NVIDIA has been using SPARK for some time now to develop safety- and security-critical firmware applications. At the recent DEF CON 29, hackers Zabrocki and Matrosov presented how they went about attacking NVIDIA firmware written in SPARK but ended up attacking the RISC-V ISA instead!
Zabrocki starts by explaining the context for their red teaming exercise at NVIDIA, followed by a description of SPARK and their evaluation of the language from a security attack perspective. He shows how they used an extension of Ghidra to decompile the binary code generated by GNAT and describes the vulnerability they identified in the RISC-V ISA thanks to that decompilation. Matrosov goes on to explain how they glitched the NVIDIA chip to exploit this vulnerability. Finally, Zabrocki talks about projects used to harden RISC-V platforms.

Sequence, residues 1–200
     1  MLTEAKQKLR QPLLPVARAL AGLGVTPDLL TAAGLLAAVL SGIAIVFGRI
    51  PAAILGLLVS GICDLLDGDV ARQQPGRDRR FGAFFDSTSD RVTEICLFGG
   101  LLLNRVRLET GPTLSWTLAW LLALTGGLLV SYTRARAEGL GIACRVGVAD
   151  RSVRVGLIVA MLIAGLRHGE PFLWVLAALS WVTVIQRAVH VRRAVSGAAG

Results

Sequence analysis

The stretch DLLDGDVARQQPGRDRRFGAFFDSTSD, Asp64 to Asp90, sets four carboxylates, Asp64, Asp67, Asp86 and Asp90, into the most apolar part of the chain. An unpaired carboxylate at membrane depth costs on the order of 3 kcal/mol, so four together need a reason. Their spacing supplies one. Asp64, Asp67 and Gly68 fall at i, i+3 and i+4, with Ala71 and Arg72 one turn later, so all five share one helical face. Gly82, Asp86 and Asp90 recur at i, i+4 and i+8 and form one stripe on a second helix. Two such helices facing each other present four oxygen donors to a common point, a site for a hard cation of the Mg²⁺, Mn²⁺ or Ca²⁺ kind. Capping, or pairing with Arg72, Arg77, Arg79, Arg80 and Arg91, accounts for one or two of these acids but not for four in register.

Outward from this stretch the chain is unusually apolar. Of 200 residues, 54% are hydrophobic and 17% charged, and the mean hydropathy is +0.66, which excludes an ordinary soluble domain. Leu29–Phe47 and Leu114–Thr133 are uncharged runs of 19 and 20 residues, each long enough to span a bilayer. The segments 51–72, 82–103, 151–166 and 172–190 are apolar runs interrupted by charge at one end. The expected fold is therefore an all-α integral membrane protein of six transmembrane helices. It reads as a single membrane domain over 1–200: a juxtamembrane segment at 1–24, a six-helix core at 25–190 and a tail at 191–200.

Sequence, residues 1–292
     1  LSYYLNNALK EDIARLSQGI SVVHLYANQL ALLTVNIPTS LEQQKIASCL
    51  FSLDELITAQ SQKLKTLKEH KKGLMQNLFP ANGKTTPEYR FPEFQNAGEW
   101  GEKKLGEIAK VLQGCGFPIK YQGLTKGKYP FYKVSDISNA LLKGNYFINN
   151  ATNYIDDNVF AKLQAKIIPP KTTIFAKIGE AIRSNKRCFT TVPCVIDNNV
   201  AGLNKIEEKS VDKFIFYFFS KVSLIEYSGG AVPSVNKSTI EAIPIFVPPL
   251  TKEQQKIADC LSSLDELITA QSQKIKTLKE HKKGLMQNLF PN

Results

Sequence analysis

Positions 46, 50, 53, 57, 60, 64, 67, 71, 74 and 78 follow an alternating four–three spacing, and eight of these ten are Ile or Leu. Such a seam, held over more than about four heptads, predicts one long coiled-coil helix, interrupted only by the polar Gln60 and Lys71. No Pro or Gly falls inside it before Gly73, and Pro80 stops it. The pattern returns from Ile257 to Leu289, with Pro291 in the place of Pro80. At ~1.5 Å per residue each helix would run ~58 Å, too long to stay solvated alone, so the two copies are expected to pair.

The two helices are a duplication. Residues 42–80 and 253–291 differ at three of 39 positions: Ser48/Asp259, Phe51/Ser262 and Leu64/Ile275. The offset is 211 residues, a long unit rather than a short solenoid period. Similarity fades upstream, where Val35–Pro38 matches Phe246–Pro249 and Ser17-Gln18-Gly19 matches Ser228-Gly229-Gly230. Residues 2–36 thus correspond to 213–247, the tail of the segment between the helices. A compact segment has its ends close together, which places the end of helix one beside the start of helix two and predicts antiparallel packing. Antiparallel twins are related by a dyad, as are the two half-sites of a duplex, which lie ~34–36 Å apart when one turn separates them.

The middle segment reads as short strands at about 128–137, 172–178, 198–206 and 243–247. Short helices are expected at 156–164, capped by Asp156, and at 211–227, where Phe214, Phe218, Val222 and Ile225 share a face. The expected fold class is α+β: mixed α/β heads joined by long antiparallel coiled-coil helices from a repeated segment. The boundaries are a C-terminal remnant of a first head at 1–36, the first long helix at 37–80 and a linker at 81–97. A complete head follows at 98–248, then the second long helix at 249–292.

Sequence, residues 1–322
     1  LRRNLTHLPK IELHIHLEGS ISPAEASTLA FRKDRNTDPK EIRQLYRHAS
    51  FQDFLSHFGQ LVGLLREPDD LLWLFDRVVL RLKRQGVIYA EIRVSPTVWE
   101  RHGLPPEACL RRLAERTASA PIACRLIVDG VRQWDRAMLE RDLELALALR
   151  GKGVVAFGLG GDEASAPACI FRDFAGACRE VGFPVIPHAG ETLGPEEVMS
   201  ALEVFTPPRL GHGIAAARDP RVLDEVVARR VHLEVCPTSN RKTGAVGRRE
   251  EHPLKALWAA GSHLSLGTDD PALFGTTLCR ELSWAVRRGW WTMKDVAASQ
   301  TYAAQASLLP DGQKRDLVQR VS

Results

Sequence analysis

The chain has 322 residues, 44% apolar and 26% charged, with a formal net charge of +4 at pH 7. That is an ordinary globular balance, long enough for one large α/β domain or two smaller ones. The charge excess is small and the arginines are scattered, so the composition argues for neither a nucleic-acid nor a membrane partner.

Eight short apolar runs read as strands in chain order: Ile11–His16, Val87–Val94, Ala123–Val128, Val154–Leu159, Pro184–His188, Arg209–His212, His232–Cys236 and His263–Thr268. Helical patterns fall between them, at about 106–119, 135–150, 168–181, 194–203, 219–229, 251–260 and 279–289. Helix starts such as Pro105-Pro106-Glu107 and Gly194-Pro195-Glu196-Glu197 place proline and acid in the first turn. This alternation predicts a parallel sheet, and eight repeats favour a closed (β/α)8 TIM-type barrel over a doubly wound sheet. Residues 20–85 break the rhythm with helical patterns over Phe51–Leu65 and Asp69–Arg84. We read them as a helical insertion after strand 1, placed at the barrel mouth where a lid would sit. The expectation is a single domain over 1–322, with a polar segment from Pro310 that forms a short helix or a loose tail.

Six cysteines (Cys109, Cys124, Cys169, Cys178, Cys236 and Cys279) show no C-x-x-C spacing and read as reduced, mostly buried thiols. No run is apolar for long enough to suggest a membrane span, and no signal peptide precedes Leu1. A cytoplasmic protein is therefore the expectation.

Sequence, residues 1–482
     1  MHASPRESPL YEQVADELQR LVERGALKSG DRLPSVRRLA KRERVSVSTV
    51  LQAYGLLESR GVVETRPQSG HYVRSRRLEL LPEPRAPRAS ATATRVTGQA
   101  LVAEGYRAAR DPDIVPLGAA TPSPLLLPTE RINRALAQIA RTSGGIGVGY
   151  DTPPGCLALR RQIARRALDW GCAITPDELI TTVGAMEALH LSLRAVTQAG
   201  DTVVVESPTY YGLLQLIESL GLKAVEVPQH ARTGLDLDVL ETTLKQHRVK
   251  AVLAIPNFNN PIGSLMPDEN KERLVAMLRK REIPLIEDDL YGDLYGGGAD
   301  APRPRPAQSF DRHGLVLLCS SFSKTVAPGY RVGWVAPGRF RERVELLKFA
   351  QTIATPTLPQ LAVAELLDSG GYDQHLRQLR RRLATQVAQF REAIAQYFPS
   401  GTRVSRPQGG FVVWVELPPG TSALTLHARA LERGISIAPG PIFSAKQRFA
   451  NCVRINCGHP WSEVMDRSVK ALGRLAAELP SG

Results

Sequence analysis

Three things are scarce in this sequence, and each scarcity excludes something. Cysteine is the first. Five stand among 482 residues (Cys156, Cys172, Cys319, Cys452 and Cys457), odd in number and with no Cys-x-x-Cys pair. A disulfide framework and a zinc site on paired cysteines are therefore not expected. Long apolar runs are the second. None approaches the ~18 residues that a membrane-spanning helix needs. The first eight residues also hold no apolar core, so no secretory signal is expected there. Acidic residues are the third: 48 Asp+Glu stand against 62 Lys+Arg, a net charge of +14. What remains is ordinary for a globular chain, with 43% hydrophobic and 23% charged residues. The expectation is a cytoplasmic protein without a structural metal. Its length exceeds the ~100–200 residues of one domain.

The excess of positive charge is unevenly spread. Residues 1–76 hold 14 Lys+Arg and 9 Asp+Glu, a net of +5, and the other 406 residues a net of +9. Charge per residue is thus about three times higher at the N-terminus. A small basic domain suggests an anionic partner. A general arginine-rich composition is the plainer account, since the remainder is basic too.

What I found amazing about this presentation is that because of the protection provided by the NVIDIA team’s developing the software in SPARK and proving it free of runtime errors, the hackers had to turn to something other than the software to find vulnerabilities - which led them to find one in the RISC-V ISA itself!
Zabrocki correctly pointed out that memory exhaustion issues are not detected by the SPARK tool, GNATprove. Instead, you should use, for example, GNATstack to detect (some of) them. This is a perfect example of non-functional requirements that are not checked by the SPARK tool. Other similar requirements include timing constraints for real-time software and robustness against cosmic rays for satellite software. Finally, note that SPARK supports safe pointers (an enhancement added in SPARK Pro 2020), and that the classes of problems detected by the tool are clearly defined in the tool documentation.